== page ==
People are upset that the Harwood Union school board is thinking about closing one or more elementary schools in the Mad River Valley.
Since April, the board has worked to winnow nearly 30 proposals to reconfigure where students from kindergarten through grade 12 go to school. The proposals ranged from changing nothing to closing one or more elementary schools to closing all the schools and paying tuition for students to attend schools in other districts.
The work of the past three months began after the board failed in February and early March to reach consensus on a plan to move seventh- and eighth-grade students from the Harwood campus in South Duxbury to Crossett Brook Middle School, located in Duxbury near the Waterbury town line.
At the time, board members argued that the decision should be part of a districtwide realignment plan, as opposed to just dealing with two grades and two schools.
In the intervening months, board members discussed and dismissed nearly all the proposals. On June 12, they settled on three possible scenarios. Much like the proposal earlier this year, all three plans would put all seventh- and eighth-graders at Crossett Brook.
However, all three plans also call for either eliminating one or more grades from the elementary schools in the valley, or closing one or more valley schools altogether.
Option A would keep preK-4 classes at Warren and Waitsfield, while using Moretown Elementary for early childhood education and closing the doors of Fayston Elementary.
Option B would keep three of the valley schools open — while closing one of them — but only for grades pre-K through 4.
In both scenarios, all students in grades five through eight would attend Crossett Brook.
The third scenario — Option D — would close Fayston, while keeping Moretown, Waitsfield and Warren open for pre-K through 6.
At the board’s most recent meeting on June 26 — and the last meeting until a board retreat Aug. 28 — members of the public objected not only to the plans, and how they were made.
“I feel as if this board is continuing to make decisions in a vacuum,” said Laura Schaller of Moretown, who was one of several people in the audience wearing orange T-shirts bearing the words “SAVE OUR SCHOOLS”.
“Is is it too much to ask that you make decisions based on facts and solicit information from outside the administration?” Schaller asked the board. “Their opinions should be respected but they should not be the only source on which you make decisions that will affect our towns and schools for years to come.”
Schaller was one of several residents who compared the discussion of district realignment with the discussion about creating a district vision in 2018. While the latter process took an entire summer and invited parents, teachers and students to offer their input with the help of a paid facilitator, the planning to realign grades across the schools did none of those things.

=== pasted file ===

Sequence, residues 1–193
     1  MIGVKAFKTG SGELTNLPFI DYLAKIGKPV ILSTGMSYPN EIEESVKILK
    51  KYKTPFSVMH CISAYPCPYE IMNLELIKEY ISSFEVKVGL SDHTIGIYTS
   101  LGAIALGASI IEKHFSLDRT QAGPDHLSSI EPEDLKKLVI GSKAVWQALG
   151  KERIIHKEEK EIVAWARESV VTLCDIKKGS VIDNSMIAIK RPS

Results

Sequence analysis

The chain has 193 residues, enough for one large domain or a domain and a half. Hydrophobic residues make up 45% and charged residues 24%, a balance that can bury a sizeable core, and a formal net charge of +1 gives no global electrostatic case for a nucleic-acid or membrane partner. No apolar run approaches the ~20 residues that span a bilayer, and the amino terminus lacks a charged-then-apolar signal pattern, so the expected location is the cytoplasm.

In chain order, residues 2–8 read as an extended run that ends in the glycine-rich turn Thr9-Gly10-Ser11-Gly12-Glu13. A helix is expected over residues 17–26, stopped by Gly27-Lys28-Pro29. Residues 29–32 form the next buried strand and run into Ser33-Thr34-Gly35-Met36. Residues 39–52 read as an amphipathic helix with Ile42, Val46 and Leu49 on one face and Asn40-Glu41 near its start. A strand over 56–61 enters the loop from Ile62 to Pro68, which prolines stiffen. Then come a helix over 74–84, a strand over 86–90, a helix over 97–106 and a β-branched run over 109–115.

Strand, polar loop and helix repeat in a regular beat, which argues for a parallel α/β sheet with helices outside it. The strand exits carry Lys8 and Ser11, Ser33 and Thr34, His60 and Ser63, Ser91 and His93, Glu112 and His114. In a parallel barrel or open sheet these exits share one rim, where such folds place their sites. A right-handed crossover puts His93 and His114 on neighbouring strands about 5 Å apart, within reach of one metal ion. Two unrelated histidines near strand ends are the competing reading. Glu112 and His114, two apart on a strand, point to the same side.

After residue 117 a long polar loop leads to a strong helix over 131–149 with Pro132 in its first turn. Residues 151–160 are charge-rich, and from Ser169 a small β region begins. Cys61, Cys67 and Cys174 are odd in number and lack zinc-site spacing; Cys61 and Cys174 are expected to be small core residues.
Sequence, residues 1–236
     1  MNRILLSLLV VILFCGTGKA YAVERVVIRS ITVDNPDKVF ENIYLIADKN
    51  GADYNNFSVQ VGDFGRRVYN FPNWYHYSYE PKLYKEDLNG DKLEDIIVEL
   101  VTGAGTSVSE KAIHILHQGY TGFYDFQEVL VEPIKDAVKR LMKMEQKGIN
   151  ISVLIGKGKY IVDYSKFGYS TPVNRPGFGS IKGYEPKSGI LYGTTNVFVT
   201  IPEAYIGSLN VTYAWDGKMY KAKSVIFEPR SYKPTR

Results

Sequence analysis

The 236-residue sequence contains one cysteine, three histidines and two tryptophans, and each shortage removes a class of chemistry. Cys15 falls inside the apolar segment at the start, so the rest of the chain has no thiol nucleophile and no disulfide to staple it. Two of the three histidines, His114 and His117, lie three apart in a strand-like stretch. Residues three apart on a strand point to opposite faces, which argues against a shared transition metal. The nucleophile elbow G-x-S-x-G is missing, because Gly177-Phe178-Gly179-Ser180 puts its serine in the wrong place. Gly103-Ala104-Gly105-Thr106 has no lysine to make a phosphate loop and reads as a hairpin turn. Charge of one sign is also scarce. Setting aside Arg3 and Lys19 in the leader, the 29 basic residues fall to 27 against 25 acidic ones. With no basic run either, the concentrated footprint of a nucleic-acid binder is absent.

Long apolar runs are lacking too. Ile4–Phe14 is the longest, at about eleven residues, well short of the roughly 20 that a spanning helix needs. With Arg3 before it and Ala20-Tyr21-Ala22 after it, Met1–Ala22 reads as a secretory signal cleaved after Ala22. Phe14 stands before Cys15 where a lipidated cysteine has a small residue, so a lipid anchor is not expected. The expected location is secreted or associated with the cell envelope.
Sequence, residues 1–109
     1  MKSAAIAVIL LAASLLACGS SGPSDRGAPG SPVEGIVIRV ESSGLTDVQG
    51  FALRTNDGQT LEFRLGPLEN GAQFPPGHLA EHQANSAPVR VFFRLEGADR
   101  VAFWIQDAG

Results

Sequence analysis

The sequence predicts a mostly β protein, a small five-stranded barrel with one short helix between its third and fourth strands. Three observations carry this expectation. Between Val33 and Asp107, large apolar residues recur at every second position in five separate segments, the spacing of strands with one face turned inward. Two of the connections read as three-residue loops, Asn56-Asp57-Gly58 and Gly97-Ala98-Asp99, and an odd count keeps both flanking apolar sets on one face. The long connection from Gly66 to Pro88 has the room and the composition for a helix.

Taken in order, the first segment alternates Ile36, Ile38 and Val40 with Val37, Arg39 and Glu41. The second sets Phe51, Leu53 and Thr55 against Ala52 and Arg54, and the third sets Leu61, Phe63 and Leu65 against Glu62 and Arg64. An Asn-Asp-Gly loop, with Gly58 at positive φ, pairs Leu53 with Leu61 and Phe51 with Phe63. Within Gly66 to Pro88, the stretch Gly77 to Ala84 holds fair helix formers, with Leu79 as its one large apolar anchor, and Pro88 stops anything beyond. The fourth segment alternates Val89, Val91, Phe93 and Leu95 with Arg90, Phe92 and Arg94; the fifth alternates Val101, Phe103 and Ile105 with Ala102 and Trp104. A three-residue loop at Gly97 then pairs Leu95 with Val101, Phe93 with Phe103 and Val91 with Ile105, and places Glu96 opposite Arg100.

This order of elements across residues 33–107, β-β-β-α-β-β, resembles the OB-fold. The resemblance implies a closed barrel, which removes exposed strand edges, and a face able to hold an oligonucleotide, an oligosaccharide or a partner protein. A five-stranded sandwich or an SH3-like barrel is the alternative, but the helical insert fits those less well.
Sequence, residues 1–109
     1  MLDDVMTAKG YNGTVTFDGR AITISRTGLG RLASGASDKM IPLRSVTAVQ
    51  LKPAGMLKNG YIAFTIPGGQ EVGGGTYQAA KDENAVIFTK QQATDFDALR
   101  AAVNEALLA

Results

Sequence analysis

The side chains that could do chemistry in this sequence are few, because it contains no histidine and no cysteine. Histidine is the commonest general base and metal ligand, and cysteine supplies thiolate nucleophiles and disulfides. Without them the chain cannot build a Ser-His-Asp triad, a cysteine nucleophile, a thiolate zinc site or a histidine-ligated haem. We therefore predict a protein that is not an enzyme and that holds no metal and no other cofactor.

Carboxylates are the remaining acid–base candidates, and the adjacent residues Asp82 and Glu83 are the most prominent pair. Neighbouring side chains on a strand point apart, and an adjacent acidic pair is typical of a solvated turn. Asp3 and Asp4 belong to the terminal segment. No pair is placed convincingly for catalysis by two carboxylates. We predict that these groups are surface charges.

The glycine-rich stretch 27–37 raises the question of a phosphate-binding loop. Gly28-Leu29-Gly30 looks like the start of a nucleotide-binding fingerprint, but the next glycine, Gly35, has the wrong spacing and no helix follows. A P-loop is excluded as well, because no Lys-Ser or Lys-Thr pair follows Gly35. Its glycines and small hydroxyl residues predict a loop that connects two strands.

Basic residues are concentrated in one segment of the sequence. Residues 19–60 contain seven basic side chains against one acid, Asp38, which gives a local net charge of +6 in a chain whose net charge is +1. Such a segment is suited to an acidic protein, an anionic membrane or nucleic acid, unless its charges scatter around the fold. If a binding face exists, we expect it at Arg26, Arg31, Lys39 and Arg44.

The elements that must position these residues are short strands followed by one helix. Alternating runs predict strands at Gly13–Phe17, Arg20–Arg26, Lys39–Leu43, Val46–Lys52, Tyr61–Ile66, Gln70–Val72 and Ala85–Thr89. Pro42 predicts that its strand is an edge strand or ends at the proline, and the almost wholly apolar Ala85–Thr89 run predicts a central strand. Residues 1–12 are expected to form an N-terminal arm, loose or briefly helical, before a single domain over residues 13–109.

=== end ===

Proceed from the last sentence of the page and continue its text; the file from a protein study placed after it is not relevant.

“I’m a little bit disappointed that the options got dwindled down so quickly and I kind of agree with some of the other people in the audience that maybe the public wasn’t involved in contributing to the options as much as it should have been,” said Beth Garvin of Fayston.
Numerous Moretown residents expressed concern about how school closure would affect their town.
Matt Henchen said he recently bought a home in Moretown, “and we never would have done that if not for the amazing school. We’re also concerned about the number of families who might not move into our community in the future. I guarantee young families will not look at Moretown if we do not have a strong school.”
“This school has been a center of our community since 1888,” said John Hoogenboom, a member of the Moretown Select Board. “To close it would be absurd. This is an important part of the community and the Moretown Select Board certainly does not want to see it closed.”
Catrina Brackett of Moretown has three children in Harwood schools.
“I bought my house in Moretown for the elementary school,” Brackett said. “This summer, we were planning on putting in a new house on our land, but have chosen not to. I’d like to stay. I’d like the school to stay.”
Heather Swann of Moretown has a daughter in the elementary school.
“I feel like closing the school is exacerbating the problem of Vermont in general,” Swann said. “Vermont can’t maintain its population. It’s dwindling and the state is dying. We’re not going to survive.”
Even residents of towns where school closures are not proposed expressed concern.
“A school is really the heart of the community, and closing schools will further erode the willingness of people to move to the valley,” said Kate Wanner of Warren.
However, Mari Pratt of Duxbury, vice chair of her town’s select board, advised people to have faith in their elected officials.
“We have to have faith in what we have chosen. We elected them,” she said. “Be supportive in every way you can. I went through this years ago when we merged with Waterbury and lost our little elementary school. We need to support them from the get-go, and not just wait until they come up with something we don’t like.”
Before taking its summer break, the board took no action to alter the proposals. However, the board did authorize school administrators to spend up to $15,000 to have ReArch Co., a construction firm based in South Burlington, provide construction cost estimates for the three proposals.